• He once wrote a crazy essay where he put in a disgusting paragraph that basically implied that it's okay in all instances to use "physical discipline" against women and children. He said, "To me, taking it as a given that reason cannot prevail in any argument with emotion, there must come a point – with women and children – where verbal discipline has to be asserted, and if verbal discipline proves insufficient, that physical discipline be introduced. Women and children have soft, cushy buttocks which are, nonetheless, shot through with reasonably sensitive nerve endings. I believe that those buttocks are there for a very specific purpose intended by their Creator." It's not often I see smut as sick as that happens to be. I can't even begin to describe how his justifications for thrashing make my skin crawl. UGH!
Here's also some video links discussing Sim's justifications of domestic violence. To think that the medium once embraced this man is horrific. On a somewhat related note, some people may know that a certain artist/cartoonist with the initials "C.D" once accused the late DC editor Julius Schwartz of supposedly attacking her sexually in a limousine in article published in The Comics Journal in April 2004. But her associations in the past with Sim are but one reason why I couldn't believe what she alleged, and certainly couldn't take it at face value. I'd written about this some time ago on my main comics blog, and I guess I'll have to add at least one more commentary here as well. How is it possible that all those years before when she was chummy with Sim, she never noticed any of the crap he was spewing out? Why, in fact, how is it possible nobody else in the medium did either? It just simply beggars belief. Are we really supposed to think nobody could've spotted anything of the creepy stuff he'd said from the late 70s to now? I can't buy that. And it goes without saying that the limousine part is just one more contrived-sounding part in this whole bizarre mess. But what really made C.D's allegations come unglued was the failure to present the letter of apology she claimed Schwartz sent to an agent of hers (something else that's ambiguous: unlike movie stars, do cartoonists usually have talent agents? Not that I know of). Ironically, it was Sim and a colleague of his who provided some of the hints just how flaccid her accusations against Schwartz were, even as they acted hypocritically simultaneously.

Another puzzler: when I took a look at an excerpt of the story C.D drew in Cerebus in 1986 that supposedly alluded to her allegation, the way it was set up made it look like it was little more than a case of an ugly quarrel she had with a guy who talked sleazy, but little else. What kind of person who supposedly went through a terrible experience waters it down into a joke? As if that weren't problematic enough, I vaguely recall finding and reading a message she wrote on the old Comicon site in 2001, where, although she admitted Sim once insulted a buddy of hers by bragging about how he thought women looked funny when they're mad, she did anything but condemn him, and as a result, I remain unconvinced she understood the really bad impact of his past commentaries (also, I think I once spotted her conversing with Dan Slott, if that's telling anything). Needless to say, if she really did make a false accusation against Schwartz, that was wrong, mainly because of the harm it can do to actual victims. It's regrettable she'd do that, because I honestly never considered her the worst the medium's got to offer. But, that's life; full of people who just aren't what they could be.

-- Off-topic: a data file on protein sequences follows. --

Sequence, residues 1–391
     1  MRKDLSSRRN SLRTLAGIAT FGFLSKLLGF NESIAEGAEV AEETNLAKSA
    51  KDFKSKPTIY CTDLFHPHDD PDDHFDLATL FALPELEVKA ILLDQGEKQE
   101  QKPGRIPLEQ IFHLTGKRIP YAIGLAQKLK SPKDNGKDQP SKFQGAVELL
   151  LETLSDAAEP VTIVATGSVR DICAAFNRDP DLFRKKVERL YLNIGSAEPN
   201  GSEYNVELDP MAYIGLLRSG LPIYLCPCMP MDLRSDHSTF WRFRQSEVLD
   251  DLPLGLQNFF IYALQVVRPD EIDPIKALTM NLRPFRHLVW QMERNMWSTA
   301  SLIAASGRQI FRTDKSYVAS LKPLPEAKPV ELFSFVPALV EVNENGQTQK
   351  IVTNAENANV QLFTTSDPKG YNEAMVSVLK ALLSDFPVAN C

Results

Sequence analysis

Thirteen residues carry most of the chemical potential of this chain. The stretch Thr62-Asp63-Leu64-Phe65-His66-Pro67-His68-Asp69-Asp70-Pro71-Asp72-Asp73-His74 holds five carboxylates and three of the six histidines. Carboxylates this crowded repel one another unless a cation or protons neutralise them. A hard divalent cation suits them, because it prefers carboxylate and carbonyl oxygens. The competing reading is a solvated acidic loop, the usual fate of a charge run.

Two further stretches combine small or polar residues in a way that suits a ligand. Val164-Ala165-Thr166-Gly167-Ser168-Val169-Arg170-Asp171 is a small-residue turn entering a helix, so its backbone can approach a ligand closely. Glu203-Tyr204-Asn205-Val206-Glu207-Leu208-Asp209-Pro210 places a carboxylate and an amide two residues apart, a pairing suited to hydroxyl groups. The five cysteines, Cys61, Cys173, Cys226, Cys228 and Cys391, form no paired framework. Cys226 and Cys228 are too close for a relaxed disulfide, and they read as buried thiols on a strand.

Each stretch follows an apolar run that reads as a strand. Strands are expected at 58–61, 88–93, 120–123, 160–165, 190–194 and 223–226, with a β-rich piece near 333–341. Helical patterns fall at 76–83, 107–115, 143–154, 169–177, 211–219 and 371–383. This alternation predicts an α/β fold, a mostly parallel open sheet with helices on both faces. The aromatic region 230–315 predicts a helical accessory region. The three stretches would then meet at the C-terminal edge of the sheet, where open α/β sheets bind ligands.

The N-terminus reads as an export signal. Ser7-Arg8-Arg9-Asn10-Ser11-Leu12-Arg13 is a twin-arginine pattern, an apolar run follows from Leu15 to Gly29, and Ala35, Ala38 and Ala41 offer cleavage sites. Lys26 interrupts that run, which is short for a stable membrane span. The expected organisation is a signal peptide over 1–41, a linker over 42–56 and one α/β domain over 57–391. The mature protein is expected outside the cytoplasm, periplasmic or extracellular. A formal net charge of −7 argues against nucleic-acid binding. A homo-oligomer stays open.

So in the end, it's not that I don't want to believe a man like Schwartz was capable of pulling an offensive act. It's that I can't. Because C.D provided nothing concrete to go by. I don't think Schwartz was a saint, and I'm sure there were still infuriarating things he could've done regardless. But without solid proof, even Sim has no business trying to besmirch the guy's name, and his own writings, in and out of Cerebus, weigh against him very heavily.

Sim's antics started gaining the notoriety they should've had by the late 1990s, and since then, he's been mostly shunned by a lot of other writers and artists. But it's still hard to swallow that nobody within the industry ever spotted any of his atrocious politics years before, and didn't think to distance themselves from him well before.

Monday, July 25, 2016

Special notes: letters I wrote to newspaper editors

I've only done it a few times to date (and I've certainly only got a handful available so far), but I've written some letters to editors of a few papers and a magazine or two to complain about articles I found offensive and misleading (and I'd already presented some of those propaganda pieces here), and I decided this could be the perfect time to post them here for everyone to see and ponder. I don't know if any of these letters were published, and that's one of the reasons I thought this could be the best time to offer a look. I'm going to start with a letter I wrote to a conservative magazine, the Weekly Standard, complaining about one of Jonathan V. Last's stealth promotions of Identity Crisis, this one published in 2013: